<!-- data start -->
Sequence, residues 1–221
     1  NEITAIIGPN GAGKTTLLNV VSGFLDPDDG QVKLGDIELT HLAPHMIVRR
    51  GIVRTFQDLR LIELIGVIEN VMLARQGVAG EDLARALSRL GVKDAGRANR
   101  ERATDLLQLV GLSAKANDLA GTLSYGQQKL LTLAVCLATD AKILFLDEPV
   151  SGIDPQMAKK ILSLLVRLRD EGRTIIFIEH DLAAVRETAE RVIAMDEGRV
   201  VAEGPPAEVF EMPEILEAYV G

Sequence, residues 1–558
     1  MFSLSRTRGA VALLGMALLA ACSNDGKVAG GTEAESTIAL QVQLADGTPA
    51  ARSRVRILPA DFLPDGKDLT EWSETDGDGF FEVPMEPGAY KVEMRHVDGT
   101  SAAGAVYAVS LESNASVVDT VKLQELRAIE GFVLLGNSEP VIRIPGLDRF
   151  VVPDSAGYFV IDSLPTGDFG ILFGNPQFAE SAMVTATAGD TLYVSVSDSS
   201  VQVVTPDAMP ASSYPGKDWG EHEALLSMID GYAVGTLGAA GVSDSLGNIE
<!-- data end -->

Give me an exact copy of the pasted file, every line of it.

Sequence, residues 1–221
     1  NEITAIIGPN GAGKTTLLNV VSGFLDPDDG QVKLGDIELT HLAPHMIVRR
    51  GIVRTFQDLR LIELIGVIEN VMLARQGVAG EDLARALSRL GVKDAGRANR
   101  ERATDLLQLV GLSAKANDLA GTLSYGQQKL LTLAVCLATD AKILFLDEPV
   151  SGIDPQMAKK ILSLLVRLRD EGRTIIFIEH DLAAVRETAE RVIAMDEGRV
   201  VAEGPPAEVF EMPEILEAYV G

Sequence, residues 1–558
     1  MFSLSRTRGA VALLGMALLA ACSNDGKVAG GTEAESTIAL QVQLADGTPA
    51  ARSRVRILPA DFLPDGKDLT EWSETDGDGF FEVPMEPGAY KVEMRHVDGT
   101  SAAGAVYAVS LESNASVVDT VKLQELRAIE GFVLLGNSEP VIRIPGLDRF
   151  VVPDSAGYFV IDSLPTGDFG ILFGNPQFAE SAMVTATAGD TLYVSVSDSS
   201  VQVVTPDAMP ASSYPGKDWG EHEALLSMID GYAVGTLGAA GVSDSLGNIE